Telegram for the Federal Circuit: Electronic Case Filing Is Now Available

By Andrew Dhuey

“I’m following your case at the Federal Circuit – would you please send me a PDF of the parties’ briefs? Thanks in advance.” Patent litigators and prosecutors throughout the nation have been sending emails with this request for years, relying on the kindness of strangers for a professional courtesy. They do this because there is usually no easy way for them to obtain Federal Circuit briefs. The reason for that is the Court – charged by Congress to resolve the most important technology disputes in the world – still does not have electronic case filing (ECF).

In the federal judiciary, ECF is now operational in all appellate and district courts, save two: the Supreme Court and the Federal Circuit. Some Supreme Court justices are comically unfamiliar with such cutting-edge technologies as texting and email, though the Chief Justice probably does know more about pagers than the typical 20-something today. Fortunately, the technological backwardness of the Supreme Court’s case filing system is of no consequence – you can get just about any petition or merits stage brief you might want from SCOTUSblog, the American Bar Association and other online sources.

At the Federal Circuit, however, odds are you have only three options when seeking a brief or motion: i) pay several hundred dollars for a messenger to go to the Court and copy it, ii) pay Westlaw or Lexis a similar amount to download it (if available) or iii) ask an attorney in the case for the favor of a PDF (tip: ask really nicely).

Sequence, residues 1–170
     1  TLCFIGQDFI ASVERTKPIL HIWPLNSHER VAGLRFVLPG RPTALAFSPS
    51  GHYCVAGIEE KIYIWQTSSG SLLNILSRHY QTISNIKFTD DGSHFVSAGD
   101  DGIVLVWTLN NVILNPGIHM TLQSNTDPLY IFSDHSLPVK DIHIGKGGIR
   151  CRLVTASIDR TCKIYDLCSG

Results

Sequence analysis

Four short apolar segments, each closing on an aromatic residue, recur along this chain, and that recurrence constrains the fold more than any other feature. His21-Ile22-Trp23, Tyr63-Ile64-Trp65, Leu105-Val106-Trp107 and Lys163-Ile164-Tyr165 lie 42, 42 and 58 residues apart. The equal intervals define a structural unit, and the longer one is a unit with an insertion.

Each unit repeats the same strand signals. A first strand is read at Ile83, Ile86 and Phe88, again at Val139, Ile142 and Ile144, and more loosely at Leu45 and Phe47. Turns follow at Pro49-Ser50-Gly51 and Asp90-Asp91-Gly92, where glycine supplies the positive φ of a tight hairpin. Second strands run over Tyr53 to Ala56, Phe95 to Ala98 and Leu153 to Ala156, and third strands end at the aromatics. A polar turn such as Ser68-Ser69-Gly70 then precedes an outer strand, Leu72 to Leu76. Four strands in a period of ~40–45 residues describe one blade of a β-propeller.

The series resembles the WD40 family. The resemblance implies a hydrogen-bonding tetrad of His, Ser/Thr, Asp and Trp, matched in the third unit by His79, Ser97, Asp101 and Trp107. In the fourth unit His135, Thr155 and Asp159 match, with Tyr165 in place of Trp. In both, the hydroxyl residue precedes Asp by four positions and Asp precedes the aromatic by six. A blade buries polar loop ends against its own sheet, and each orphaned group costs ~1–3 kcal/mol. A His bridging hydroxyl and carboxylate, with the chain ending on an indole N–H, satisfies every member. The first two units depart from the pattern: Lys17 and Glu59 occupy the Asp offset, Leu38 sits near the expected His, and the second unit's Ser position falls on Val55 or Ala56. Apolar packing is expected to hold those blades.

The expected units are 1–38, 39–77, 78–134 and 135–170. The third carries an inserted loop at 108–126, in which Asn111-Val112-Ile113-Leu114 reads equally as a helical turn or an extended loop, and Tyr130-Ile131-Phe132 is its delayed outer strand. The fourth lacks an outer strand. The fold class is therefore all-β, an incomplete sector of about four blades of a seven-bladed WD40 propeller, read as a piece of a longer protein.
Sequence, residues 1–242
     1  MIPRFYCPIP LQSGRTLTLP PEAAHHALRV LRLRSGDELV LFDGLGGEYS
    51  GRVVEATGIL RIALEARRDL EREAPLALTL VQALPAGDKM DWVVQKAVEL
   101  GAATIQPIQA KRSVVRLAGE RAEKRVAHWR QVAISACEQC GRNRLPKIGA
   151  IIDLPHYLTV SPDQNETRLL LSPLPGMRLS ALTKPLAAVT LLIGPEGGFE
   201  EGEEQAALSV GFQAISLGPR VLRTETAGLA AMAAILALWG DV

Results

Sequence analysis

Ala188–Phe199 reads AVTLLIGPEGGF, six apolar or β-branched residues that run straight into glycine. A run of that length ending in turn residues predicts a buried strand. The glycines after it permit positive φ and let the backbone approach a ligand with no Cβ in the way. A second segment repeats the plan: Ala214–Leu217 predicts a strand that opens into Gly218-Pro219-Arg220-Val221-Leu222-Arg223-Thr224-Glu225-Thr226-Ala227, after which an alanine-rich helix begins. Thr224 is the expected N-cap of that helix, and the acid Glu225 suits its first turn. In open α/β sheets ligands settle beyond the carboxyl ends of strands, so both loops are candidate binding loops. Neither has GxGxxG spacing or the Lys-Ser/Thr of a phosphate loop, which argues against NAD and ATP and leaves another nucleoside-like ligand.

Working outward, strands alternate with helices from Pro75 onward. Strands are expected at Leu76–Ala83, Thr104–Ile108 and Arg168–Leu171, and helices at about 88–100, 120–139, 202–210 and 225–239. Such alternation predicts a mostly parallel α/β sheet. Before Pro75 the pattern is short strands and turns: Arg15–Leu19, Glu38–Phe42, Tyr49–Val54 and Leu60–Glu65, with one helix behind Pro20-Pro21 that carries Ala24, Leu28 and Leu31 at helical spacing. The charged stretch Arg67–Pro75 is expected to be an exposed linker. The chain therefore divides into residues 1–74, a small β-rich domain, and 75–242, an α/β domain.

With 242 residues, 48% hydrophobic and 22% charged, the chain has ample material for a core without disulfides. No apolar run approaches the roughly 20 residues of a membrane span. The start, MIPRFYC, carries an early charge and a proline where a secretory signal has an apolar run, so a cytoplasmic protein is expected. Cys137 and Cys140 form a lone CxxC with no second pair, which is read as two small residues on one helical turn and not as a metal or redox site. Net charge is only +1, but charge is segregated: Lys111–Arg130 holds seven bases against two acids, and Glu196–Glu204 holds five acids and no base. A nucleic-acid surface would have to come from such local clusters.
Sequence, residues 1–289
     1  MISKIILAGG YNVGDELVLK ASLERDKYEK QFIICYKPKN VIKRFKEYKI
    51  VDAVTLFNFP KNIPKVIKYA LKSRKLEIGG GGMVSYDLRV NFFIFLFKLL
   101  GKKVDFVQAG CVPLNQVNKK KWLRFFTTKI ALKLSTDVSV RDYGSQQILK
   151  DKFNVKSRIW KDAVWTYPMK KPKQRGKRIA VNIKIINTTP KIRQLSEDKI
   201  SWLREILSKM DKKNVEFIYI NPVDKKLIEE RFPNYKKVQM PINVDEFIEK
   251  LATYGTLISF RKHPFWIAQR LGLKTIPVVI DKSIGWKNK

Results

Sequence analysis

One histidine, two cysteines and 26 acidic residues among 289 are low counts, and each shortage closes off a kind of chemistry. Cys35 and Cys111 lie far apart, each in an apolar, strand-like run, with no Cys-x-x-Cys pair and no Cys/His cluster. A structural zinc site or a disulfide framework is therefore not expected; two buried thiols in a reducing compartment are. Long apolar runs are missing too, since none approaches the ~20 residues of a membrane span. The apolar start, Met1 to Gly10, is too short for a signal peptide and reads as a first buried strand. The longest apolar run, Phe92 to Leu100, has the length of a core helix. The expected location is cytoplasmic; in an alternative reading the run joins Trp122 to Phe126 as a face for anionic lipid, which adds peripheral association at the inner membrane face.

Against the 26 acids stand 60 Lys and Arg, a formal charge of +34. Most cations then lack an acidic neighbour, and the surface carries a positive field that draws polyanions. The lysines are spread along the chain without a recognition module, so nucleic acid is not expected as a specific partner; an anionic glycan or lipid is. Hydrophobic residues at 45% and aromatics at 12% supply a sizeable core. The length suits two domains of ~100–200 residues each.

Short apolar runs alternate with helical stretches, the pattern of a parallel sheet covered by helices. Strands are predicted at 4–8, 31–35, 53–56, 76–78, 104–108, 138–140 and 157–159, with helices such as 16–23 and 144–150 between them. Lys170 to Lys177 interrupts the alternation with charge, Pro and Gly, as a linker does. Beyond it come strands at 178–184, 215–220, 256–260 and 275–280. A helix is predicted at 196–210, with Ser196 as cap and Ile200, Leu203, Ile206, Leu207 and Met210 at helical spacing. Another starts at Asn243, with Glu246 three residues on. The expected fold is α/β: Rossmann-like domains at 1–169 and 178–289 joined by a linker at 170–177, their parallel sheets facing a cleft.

The Court’s long delay in implementing ECF is puzzling. In case after case, Federal Circuit judges and their law clerks demonstrate their ability to learn and analyze extremely complex technologies in widely disparate fields. Why then is the Court lagging behind every regional circuit court and all district courts in the nation when it comes to adopting technology in its own operations?

ECF is not a newcomer to the federal courts. District courts started using ECF in 2002; circuit courts in 2005. On June 28, 2007, then Chief Judge Michel announced that the Court hoped to utilize ECF in fall 2007. Since then, nothing. Well, slightly more than nothing. This message appears on Federal Circuit electronic docket sheets: “The following documents, filed after 8/13/07, are available for download: official caption, entry of appearance, certificate of interest. No other case documents are available electronically.” I can scarcely imagine any documents of less interest to others than captions, entries of appearances and certificates of interest, yet these are the ones you can obtain electronically.

The Federal Circuit’s lack of ECF is not merely a hassle for lawyers in search of briefs and motions. Scores of non-lawyers, including inventors, veterans, federal employees and vaccine-case claimants, represent themselves in Federal Circuit appeals. That rather challenging task would be less daunting if they had easy access to well-written appellate briefs of experienced counsel.